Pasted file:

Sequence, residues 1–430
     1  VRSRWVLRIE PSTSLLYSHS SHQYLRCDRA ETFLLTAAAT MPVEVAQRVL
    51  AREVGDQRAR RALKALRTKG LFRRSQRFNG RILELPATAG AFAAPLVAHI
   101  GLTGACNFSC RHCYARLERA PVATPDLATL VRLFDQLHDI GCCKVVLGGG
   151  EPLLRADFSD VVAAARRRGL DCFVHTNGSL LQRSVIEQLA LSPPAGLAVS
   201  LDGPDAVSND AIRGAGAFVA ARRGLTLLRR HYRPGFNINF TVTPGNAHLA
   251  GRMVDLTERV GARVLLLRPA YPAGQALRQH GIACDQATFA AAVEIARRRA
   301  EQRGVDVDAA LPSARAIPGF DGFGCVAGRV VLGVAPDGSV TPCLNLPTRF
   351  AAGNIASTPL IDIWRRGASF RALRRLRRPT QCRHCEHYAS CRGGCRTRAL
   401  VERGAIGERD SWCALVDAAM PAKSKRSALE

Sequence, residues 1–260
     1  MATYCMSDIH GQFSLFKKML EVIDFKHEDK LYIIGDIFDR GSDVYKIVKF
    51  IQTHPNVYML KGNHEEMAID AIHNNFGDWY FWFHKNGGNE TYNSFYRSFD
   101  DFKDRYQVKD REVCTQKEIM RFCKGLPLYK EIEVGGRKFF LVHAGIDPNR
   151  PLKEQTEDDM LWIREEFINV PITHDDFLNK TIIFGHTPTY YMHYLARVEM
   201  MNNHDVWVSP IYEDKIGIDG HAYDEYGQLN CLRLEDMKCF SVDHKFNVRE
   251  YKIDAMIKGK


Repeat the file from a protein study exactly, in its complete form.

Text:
Sequence, residues 1–430
     1  VRSRWVLRIE PSTSLLYSHS SHQYLRCDRA ETFLLTAAAT MPVEVAQRVL
    51  AREVGDQRAR RALKALRTKG LFRRSQRFNG RILELPATAG AFAAPLVAHI
   101  GLTGACNFSC RHCYARLERA PVATPDLATL VRLFDQLHDI GCCKVVLGGG
   151  EPLLRADFSD VVAAARRRGL DCFVHTNGSL LQRSVIEQLA LSPPAGLAVS
   201  LDGPDAVSND AIRGAGAFVA ARRGLTLLRR HYRPGFNINF TVTPGNAHLA
   251  GRMVDLTERV GARVLLLRPA YPAGQALRQH GIACDQATFA AAVEIARRRA
   301  EQRGVDVDAA LPSARAIPGF DGFGCVAGRV VLGVAPDGSV TPCLNLPTRF
   351  AAGNIASTPL IDIWRRGASF RALRRLRRPT QCRHCEHYAS CRGGCRTRAL
   401  VERGAIGERD SWCALVDAAM PAKSKRSALE

Sequence, residues 1–260
     1  MATYCMSDIH GQFSLFKKML EVIDFKHEDK LYIIGDIFDR GSDVYKIVKF
    51  IQTHPNVYML KGNHEEMAID AIHNNFGDWY FWFHKNGGNE TYNSFYRSFD
   101  DFKDRYQVKD REVCTQKEIM RFCKGLPLYK EIEVGGRKFF LVHAGIDPNR
   151  PLKEQTEDDM LWIREEFINV PITHDDFLNK TIIFGHTPTY YMHYLARVEM
   201  MNNHDVWVSP IYEDKIGIDG HAYDEYGQLN CLRLEDMKCF SVDHKFNVRE
   251  YKIDAMIKGK